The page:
President Obama Signs Executive Order Prompting Federal Leadership in Environmental Responsibility and Energy Efficient Practices

Date: November 4, 2009

On October 5, 2009, President Obama issued Executive Order 13514 which sets sustainability goals for Federal agencies and focuses on making improvements in their environmental, energy and economic performance. According to President Obama, Executive Order 13514 is aimed at creating a "clean energy economy" that is intended, in turn, to increase the nation's prosperity, promote energy security, protect the interests of taxpayers, and safeguard the health of our environment. Building on Executive Order 13423, signed by President George W. Bush on January 24, 2007, Executive Order 13514 marks the most sweeping "green" Federal policy to date. Notably, the Order recognizes that green initiatives are comprised of both environmental and fiscal concerns. Indeed, a White House press release suggests the policy will benefit taxpayers through substantial energy savings from more efficient practices.

The Order mandates that Federal agencies implement a variety of initiatives aimed at reducing the Federal government's carbon footprint, including, but not limited to the following goals: set a 2020 greenhouse gas emissions reduction target within 90 days; increase energy efficiency; reduce fleet petroleum consumption; reduce waste; conserve water; support sustainable communities; and leverage Federal purchasing power to promote environmentally responsible products and services.

Executive Order 13514 sets forth established timeframes for Federal agencies to develop agency-specific plans that identify strategies to reduce greenhouse gas emissions. These agency-specific plans, referred to as Strategic Sustainability Performance Plans under the Order, prioritizes each agency's actions toward the goals of the Executive Order based on lifecycle return on investment. In developing these plans, agencies are to consider initiatives which reduce the use of fossil fuels, foster energy efficiency through renewable sources, improve water efficiency, promote waste reduction, and encourage smart growth and sustainable design practices. Some of the specific targets set forth in the Executive Order are as follows:

  • 30% reduction in vehicle fleet petroleum use by 2020;
  • 26% improvement in water efficiency by 2020;
  • 50% recycling and waste diversion by 2015;
  • 95% of all applicable contracts will meet sustainability requirements;
  • Implementation of the 2030 net-zero-energy building requirement;
  • Implementation of the stormwater provisions of the Energy Independence and Security Act of 2007, section 438; and
  • Development of guidance for sustainable Federal building locations in alignment with the Livability Principles put forward by the Department of Housing and Urban Development, the Department of Transportation, and the Environmental Protection Agency.

To achieve the lofty goals identified in the Executive Order, Federal agencies are being called to act swiftly in measuring, managing and reducing greenhouse gas emissions towards agency-defined targets. Under the Order, Federal programs are to be audited and evaluated annually with a full accounting for both economical and social benefits and costs. Results of these evaluations, as well as the decisions to extend, expand, or discontinue certain programs shall be made available to the public via government websites.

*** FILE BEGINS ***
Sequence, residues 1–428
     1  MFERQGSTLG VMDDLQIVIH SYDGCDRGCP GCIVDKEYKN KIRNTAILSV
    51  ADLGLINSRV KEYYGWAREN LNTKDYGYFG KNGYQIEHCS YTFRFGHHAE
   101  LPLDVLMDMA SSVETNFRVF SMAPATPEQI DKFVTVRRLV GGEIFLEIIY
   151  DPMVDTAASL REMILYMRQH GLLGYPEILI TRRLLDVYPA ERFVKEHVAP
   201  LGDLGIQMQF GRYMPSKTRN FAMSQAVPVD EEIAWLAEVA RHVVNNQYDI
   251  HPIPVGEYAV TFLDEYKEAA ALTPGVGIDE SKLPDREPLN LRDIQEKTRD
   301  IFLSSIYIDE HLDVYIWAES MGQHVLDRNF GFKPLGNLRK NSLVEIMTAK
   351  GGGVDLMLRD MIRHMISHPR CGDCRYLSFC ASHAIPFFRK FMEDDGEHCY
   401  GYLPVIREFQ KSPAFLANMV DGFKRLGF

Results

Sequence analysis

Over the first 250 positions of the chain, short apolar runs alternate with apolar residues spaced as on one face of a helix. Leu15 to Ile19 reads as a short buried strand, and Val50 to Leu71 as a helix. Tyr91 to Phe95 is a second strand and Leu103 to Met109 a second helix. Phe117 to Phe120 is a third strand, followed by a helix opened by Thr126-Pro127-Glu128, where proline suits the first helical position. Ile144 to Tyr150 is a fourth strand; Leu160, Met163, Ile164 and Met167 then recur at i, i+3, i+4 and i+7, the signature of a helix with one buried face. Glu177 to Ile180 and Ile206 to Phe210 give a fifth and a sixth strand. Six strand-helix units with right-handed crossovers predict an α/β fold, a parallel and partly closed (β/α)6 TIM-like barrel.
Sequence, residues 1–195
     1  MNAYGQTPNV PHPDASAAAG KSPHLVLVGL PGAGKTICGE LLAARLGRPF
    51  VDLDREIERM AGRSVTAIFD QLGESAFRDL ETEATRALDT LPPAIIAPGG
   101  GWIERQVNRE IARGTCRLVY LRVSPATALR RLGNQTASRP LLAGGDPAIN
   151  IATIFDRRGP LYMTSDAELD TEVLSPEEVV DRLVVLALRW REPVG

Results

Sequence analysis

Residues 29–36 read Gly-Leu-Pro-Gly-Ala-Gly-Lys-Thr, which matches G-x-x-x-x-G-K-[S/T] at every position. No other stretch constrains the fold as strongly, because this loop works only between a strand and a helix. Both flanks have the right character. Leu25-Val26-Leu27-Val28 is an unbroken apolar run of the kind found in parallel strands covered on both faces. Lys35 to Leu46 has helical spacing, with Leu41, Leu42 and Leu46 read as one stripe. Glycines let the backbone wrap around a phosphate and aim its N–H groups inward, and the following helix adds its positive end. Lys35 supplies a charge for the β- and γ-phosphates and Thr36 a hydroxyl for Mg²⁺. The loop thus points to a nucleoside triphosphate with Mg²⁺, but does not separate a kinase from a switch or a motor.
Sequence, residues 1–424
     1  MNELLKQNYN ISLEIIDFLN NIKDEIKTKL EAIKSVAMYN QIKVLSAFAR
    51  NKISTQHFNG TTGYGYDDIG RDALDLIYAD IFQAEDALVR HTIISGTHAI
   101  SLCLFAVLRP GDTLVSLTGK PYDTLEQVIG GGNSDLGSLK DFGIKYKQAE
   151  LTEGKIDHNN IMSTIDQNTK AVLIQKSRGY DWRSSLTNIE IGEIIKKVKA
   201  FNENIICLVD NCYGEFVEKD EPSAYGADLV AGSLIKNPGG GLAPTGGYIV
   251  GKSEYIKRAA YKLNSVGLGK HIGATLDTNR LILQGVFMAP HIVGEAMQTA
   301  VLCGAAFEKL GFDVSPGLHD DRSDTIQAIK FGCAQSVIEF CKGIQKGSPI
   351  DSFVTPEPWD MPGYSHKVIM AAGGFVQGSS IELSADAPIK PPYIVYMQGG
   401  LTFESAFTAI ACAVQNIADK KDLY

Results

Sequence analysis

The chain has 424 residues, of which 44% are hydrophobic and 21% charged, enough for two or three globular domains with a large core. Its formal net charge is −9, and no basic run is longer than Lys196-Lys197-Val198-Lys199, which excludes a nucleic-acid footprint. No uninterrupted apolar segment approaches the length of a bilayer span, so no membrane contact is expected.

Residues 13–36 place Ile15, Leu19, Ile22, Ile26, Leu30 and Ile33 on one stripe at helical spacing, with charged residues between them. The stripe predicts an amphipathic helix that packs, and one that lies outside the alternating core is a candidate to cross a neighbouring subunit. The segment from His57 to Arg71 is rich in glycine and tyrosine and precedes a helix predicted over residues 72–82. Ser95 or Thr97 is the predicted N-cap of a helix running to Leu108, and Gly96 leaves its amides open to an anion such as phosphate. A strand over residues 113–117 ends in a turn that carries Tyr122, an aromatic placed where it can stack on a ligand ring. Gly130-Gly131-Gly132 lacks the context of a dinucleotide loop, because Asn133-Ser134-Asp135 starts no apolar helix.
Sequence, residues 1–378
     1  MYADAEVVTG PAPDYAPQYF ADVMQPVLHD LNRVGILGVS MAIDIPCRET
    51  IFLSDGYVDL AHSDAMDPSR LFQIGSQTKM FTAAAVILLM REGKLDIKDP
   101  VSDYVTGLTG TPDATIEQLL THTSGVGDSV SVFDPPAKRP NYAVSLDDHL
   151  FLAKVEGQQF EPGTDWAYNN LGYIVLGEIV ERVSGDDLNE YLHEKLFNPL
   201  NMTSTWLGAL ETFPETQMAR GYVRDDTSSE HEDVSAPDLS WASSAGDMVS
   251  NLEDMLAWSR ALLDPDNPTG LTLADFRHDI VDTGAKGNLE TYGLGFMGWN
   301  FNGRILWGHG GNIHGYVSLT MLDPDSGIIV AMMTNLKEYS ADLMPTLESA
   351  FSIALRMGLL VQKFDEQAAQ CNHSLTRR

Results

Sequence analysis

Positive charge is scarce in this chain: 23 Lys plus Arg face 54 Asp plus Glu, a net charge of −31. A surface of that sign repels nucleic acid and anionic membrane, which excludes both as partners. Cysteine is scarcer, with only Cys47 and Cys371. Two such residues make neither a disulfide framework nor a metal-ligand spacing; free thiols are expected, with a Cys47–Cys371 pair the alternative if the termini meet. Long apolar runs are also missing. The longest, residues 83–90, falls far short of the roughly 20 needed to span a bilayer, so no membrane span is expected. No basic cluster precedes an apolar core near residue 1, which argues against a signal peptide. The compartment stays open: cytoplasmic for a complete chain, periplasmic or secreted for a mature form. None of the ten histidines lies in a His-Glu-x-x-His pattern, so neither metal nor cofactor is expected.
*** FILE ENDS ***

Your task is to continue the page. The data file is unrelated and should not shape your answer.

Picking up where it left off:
In addition to the sustainability goals, Executive Order 13514 sets forth a rule making process to which Federal agencies will be required to adhere in implementing the Executive Order. There are a number of steps to the rulemaking process:

  • agencies must inform the public of proposed rules before they take effect;
  • the public can comment on the proposed rules and provide additional data to the agency;
  • the public can access the rulemaking record and analyze the data and analysis behind a proposed rule;
  • the agency analyzes and responds to the public's comments;
  • the agency creates a permanent record of its analysis and the process;

A policy this broad in nature is necessarily going to require some exceptions and exemptions. By its own terms, intelligence, law enforcement, and national security functions are eligible for exemption. Under the Order, The Director of National Intelligence has the power to exempt various intelligence activities and facilities. Other agency heads are granted the ability to issue exemptions, but must request approval from the President through the Chair of the Council on Environmental Quality.

Opponents of Executive Order 13514 have been quick to criticize the initiative, claiming that it simply provides "busy work" for Federal agencies. Some suggest that the goals are unattainable and may interfere with the actual functions and missions of the various agencies affected. Others theorize that agencies will be encouraged to inflate their baseline measurements in order to increase their ability to comply with improvement requirements. Because the policy, by its own terms, does not create any legally enforceable rights, accountability will necessarily have to come from within and cannot be policed by the citizens.

Whether the objectives of this policy are unattainable or are disregarded by the agencies or their employees has yet to be seen. Regardless of the statistical results of the implementation of this policy, its real impact is derived from the Federal government committing to lead by example and set concrete expectations for its own performance.